Ask a Physicist: Which Falls Faster, a Brick or an Elephant?

Last week, reader James from Melbourne wrote in:
I was having a discussion with a colleague about what would hit the ground first if it fell from a plane (let’s say 15,000 ft). An elephant (let’s say African) or a standard brick. Curious to know your thoughts. Thanks!

Hi James,
As I'm sure you know, in a vacuum they'd take the same amount of time to fall...but air resistance changes the game.

The amount of deceleration caused by the air you encounter as you fall depends on three main things: your velocity, your surface area, and your "drag coefficient", a number that depends on factors like the shape of an object and the texture of its surface. This number is usually fiendishly difficult to calculate, so it's most often obtained experimentally. At first, I thought that we'd have to make some simplifying assumptions about the drag coefficient of an elephant—you'd need a very large wind tunnel, and a very patient elephant to find it—but lo and behold, the good people in the University of Wisconsin's zoology department have done extensive simulations and experimental testing, using a scale-model elephant made of aluminum. Publishing their findings in the Journal of Experimental Zoology, they reveal that the drag coefficient is roughly 0.65 for a headwind, 0.8 for a crosswind.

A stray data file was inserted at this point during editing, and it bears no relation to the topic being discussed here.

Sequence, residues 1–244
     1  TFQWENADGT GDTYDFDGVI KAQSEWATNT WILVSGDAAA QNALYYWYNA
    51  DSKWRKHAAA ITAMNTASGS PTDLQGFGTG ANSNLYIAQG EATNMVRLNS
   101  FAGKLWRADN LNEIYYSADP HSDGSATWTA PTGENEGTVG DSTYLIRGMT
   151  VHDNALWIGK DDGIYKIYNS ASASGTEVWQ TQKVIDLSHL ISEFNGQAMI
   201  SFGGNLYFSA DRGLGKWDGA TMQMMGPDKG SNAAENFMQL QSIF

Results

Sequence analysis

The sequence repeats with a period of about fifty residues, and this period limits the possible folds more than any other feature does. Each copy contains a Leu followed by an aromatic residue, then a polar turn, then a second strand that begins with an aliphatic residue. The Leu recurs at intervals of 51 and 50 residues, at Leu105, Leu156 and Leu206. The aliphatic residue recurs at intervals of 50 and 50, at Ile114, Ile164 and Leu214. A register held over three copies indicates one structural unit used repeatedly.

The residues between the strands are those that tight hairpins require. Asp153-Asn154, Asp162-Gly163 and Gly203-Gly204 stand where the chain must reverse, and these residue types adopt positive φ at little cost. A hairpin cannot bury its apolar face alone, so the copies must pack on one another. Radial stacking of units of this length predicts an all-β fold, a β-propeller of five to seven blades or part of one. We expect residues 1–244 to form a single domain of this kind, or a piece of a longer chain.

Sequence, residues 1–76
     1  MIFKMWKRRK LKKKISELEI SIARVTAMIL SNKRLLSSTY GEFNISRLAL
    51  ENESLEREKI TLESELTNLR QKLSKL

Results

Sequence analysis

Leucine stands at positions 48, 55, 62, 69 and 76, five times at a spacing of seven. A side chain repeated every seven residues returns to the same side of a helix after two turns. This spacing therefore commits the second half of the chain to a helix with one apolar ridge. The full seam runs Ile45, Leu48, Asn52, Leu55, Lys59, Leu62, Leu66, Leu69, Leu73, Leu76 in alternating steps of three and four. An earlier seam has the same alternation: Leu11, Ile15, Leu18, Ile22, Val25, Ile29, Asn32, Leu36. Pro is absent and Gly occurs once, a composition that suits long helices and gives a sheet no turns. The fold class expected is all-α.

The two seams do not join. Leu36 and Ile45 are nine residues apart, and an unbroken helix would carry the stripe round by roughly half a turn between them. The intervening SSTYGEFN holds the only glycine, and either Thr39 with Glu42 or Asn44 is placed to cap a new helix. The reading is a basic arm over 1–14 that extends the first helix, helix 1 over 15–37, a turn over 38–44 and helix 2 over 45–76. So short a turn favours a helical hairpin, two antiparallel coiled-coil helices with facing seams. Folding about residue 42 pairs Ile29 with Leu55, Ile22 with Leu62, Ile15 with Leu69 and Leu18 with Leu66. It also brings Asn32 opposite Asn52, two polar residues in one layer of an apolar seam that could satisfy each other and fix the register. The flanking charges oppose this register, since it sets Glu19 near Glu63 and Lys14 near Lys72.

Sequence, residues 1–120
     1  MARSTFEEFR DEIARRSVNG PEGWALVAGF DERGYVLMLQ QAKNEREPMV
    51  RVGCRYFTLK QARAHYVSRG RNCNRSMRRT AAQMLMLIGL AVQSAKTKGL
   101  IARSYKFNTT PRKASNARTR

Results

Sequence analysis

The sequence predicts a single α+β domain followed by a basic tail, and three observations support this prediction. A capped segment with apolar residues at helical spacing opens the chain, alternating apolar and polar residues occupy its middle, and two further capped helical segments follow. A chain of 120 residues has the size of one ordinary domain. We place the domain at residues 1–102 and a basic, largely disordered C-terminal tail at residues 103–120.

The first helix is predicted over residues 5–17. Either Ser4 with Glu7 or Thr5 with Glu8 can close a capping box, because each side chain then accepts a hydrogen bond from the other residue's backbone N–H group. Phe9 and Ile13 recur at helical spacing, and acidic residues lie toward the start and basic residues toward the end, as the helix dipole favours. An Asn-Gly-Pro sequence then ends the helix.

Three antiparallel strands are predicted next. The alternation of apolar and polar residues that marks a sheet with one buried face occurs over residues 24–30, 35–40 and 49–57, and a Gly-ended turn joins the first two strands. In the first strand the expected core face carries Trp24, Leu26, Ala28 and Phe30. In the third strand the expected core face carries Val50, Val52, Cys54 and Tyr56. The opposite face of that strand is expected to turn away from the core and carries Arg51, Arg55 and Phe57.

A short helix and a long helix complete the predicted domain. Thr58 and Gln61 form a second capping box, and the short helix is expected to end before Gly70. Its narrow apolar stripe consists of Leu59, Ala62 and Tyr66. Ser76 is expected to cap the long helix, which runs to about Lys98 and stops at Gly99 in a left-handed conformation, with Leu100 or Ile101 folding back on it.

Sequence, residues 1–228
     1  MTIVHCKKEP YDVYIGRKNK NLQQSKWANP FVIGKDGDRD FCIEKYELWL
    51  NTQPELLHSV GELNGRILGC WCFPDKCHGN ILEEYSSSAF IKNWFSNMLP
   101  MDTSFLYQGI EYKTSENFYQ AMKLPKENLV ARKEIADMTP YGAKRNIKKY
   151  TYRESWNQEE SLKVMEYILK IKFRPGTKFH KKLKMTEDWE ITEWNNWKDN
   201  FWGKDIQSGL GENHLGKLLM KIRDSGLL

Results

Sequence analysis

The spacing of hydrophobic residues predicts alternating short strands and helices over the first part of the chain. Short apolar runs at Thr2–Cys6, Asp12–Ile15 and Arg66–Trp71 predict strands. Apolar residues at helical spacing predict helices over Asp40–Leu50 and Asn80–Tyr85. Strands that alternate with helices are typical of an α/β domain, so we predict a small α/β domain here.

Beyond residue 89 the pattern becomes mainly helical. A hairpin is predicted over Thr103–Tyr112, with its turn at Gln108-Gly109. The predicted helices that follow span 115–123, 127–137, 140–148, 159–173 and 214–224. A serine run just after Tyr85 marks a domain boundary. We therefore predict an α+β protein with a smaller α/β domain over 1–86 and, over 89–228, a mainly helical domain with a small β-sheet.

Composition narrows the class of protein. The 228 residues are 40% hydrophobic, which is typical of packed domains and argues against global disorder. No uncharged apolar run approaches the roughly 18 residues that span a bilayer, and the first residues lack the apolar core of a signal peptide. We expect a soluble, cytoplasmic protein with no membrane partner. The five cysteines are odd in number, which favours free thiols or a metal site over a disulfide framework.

Other highlights from the paper include this absolute gem of an image. The title of the paper itself is a sly reference to an old physics joke, the "Spherical Cow" Image Credit: P.N. Dudley, R. Bonazza, W.P. Porter.
Specifics aside, the important thing to understand here is what goes into determining an object's terminal velocity—the maximum speed a body can reach in a fall. Air resistance, which slows that fall, depends on the body's speed—the faster you go, the more each air molecule you encounter slows you down. In a vacuum, you'd accelerate indefinitely, moving toward the earth 9.8 m/s faster for each second that you'd fallen, until you hit the ground. But in air, there's a certain speed where the pushback of air resistance is enough to balance out the pull of gravity, and you stop accelerating. How much that pushback slows you down depends on your momentum, which depends on your mass—so between two otherwise-identical objects of different masses, the heavier one will have a greater terminal velocity. For two objects of the same mass, where one has a greater surface area, the one with greater surface area will have a lower terminal velocity.